TRUTH rants about Polonium-210 in cigarette smoke

Well, our old friends at TRUTH – an ironically-named organization, to say the least – have another commercial out, which I just saw tonight.

Their latest ad bellows that cigarette smoke contains Polonium-210, “a dangerous radioactive substance linked to cancer!” Their spokesranter then holds up a Geiger-Müller counter to an ash tray and records a huge, almost AM-radio-static-like, rating of counts per minute.

Well, gee, do you think TRUTH might be exaggerating just a tad? Let’s see:

There’s Polonium-210 in cigarette smoke because there’s Polonium-210 in raw tobacco. Po-210 is the radioactive decay product of longer-lived-but-still-radioactive Lead-210, which accumulates in the trichomes (hairlike filaments) of the tobacco plant. According to a 1999 article in the Journal of the National Cancer Institute, the levels of Polonium-210 in tobacco smoke are not believed to be great enough to significantly impact lung cancer. And that’s among smokers. Among people who merely breathe second-hand smoke, the levels of Po-210 they’re inhaling are going to be even lower.

You’re not going to pick up this stuff by waving a Geiger counter over some cigarettes. These are trace amounts we’re talking about here. The only way Po-210 has been “linked to” lung cancer was by having laboratory animals inhale Po-210 in huge quantities, more than a smoker would be exposed to in his/her lifetime.

But, darn it, little details like that won’t get in the way of TRUTH. They’re going to convince you that smoking is evil, no matter how much they have to exaggerate. Besides, “radioactive” automatically sounds scary, even if you’d get more radiation from lying under a sunlamp than you would from smoking 2 packs a day.

Gah. Whenever a TRUTH commercial comes on, I’m tempted to take up smoking just to piss them off. :mad:

Flick . . . ahhhhh.

Jesus. Smoking’s already more or less confirmed to dramatically increase your lung cancer, as well as a laundry list of other potential health problems. Why the fuck does anyone feel that they have to lie to make it look more dangerous?

Man, I was curious why my face melted off and all my hair fell out. It must be all that second hand smoke I’m getting.

God, those bastards make me angry. I’m tempted to take up smoking just because of those commercials. Don’t those pinheads realize they could just tell the truth and get the desired effect without having to make shit up?

Just show a picture of someone talking through one of those throat microphones, that would do it for me.

/quit cold turkey about a year ago :slight_smile:

You know, this sentiment is so universal that I’m beginning to think the Truth ads are secretly financed by tobacco companies.

They are openly financed by the tobacco companies according to the terms of their settlement. Or was I just wooshed?

It wasn’t just you that got wooshed Gaudere… we all did!

:::lights up another stick of instant death 60’ radius:::

Hey, that tactic worked to get Red Dye #2 off the market…

I imagine that, given that, the people at Truth are pretty annoyed that cigarettes are still legal.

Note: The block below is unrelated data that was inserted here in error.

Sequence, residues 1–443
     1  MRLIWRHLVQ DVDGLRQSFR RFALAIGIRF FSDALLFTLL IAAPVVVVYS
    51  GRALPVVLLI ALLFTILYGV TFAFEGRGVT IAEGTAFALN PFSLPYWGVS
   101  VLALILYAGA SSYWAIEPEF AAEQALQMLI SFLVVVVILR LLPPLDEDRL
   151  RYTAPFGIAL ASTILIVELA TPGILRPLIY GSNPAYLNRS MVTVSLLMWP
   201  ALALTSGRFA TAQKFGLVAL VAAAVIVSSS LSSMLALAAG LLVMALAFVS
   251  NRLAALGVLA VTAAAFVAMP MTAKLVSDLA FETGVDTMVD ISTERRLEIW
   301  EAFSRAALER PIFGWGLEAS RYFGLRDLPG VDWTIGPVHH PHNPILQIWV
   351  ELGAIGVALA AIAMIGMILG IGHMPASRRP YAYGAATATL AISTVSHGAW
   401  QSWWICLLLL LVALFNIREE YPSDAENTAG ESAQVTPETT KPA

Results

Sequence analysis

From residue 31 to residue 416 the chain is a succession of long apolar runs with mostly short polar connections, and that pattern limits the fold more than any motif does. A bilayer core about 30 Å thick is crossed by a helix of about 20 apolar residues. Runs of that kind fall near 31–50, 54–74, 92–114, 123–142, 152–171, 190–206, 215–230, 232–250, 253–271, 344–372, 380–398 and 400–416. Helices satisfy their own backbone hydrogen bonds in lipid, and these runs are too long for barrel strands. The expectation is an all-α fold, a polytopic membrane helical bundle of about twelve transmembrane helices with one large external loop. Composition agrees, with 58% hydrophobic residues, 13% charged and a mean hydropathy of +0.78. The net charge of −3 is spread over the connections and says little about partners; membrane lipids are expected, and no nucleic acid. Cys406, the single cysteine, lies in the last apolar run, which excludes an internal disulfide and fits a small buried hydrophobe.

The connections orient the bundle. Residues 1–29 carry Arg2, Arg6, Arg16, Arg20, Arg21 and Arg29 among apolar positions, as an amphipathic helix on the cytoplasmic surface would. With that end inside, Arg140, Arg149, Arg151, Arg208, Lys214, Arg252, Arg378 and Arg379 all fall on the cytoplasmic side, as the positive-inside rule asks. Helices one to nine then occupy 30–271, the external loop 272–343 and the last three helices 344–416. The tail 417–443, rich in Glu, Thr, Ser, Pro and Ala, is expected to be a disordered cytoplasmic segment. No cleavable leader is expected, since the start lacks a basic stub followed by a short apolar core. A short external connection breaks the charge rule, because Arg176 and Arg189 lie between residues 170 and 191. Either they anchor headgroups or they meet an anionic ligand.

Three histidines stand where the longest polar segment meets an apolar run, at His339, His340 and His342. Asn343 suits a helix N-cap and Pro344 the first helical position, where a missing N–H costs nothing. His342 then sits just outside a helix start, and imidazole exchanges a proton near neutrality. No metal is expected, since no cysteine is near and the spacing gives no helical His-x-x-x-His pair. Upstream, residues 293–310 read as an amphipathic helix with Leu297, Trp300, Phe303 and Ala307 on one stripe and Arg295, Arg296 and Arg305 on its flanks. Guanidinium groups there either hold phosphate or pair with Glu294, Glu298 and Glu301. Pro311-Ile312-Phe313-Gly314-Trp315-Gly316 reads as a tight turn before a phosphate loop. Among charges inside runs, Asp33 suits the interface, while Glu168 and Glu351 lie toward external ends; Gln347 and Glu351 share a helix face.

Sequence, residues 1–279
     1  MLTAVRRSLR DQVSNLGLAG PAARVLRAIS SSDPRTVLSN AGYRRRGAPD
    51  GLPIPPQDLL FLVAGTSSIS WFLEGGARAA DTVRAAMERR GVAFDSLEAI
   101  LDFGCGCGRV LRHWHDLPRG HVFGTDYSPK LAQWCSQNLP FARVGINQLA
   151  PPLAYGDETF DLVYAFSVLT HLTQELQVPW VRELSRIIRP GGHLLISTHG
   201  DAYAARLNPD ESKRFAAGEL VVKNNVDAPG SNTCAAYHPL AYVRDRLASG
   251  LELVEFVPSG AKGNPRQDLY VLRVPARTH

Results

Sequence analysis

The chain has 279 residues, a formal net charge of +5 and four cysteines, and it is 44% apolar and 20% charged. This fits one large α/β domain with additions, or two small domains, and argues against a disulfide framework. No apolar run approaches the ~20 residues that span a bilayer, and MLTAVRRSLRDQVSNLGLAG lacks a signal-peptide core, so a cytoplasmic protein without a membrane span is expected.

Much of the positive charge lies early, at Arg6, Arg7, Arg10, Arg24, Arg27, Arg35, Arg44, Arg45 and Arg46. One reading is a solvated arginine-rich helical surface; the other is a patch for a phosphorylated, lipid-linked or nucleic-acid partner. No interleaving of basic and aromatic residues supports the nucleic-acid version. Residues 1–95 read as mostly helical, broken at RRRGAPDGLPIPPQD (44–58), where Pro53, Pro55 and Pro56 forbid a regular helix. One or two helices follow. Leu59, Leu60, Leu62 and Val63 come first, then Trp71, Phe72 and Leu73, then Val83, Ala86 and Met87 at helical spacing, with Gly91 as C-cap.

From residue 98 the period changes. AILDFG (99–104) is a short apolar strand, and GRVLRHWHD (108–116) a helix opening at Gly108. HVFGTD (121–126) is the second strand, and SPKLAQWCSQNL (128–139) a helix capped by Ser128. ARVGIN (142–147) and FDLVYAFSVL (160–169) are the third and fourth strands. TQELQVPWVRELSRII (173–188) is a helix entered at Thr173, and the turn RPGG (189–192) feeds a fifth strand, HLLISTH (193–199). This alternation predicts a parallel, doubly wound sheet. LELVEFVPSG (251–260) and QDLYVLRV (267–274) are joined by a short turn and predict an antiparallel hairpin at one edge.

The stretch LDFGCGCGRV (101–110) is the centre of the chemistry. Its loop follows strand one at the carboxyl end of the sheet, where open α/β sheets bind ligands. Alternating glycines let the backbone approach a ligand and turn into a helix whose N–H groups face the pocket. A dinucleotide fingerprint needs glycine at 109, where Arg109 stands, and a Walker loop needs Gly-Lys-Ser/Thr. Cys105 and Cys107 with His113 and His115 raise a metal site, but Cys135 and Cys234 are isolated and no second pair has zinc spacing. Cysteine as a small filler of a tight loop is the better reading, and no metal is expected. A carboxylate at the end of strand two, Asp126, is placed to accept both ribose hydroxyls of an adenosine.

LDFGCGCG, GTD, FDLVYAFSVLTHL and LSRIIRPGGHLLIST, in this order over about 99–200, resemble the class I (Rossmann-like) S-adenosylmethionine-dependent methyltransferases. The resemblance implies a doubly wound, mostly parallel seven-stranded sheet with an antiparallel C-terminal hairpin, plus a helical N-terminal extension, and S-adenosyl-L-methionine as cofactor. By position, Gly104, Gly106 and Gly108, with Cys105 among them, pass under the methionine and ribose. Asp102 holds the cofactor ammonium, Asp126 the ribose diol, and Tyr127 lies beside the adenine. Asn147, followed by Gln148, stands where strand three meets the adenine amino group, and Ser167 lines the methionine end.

Well, simply telling people about the risk of lung cancer, emphysema, etc., didn’t work, right? I mean, people are still smoking. So I guess they felt a new approach was warranted.

About ten years ago, there was a book out that did something like this as satire. I forget what the actual set-up was (tobacco company accidentally pledges 10x the expected amount to produce PSAs, or something like that) but a tobacco company found itself having to produce an ad campaign to steer people away from smoking.

The solution? Produce ads that unquestionably obeyed the letter of the law (and the spirit, to some extent), but which were subtly designed to backfire and encourage people to take up smoking.

Au contraire. They’d be out of jobs.

Ah. Forgot to mention, does anyone remember this book?

TRUTH isn’t targeting smokers with their ads any more.

They’re not even targeting young, impressionable waifs who are thinking about taking up smoking.

They’re targeting the general non-smoking public, to try to get them more insensed about second-hand smoke.

“Look!” they scream. “Those evil smokers are not only blowing carcinogenic chemicals and arsenic in your face, they’re also blowing radioactive dust at you!”

At the end of the commercial, they even went through a crowd of non-smokers with Geiger-Müller counters and waved the wands over their bodies to make their point. Those no-good smokers are making you radioactive! Ban it! Ban it! Ban it!

If I’d been in that crowd, and I’d known what was going to happen, I’d have brought some of those smoke detectors with radioactive Americium-131 in them and thrown 'em at the filmmakers.

I might. Did the tale involve[spoiler]the main character (public relations or some such for a tobacco company, or possibly a lobbyist for the industry) being kidnapped and covered head to toe with nicotine patches, making it impossible for him to smoke any more?

Also, I can remember one of the slogans that was used in the book: it was along the lines of “Everything your parents told you about smoking is right”, and then kids were supposed to see “smoking is right” at the end and, thus, be inspired to smoke.[/spoiler]